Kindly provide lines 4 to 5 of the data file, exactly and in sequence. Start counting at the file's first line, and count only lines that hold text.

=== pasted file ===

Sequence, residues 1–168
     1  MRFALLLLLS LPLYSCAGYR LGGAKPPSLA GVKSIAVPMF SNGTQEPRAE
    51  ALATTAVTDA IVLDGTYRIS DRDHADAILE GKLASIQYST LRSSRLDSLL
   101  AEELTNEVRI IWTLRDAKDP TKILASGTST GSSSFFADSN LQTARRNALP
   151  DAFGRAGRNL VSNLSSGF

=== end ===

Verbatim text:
   101  AEELTNEVRI IWTLRDAKDP TKILASGTST GSSSFFADSN LQTARRNALP
   151  DAFGRAGRNL VSNLSSGF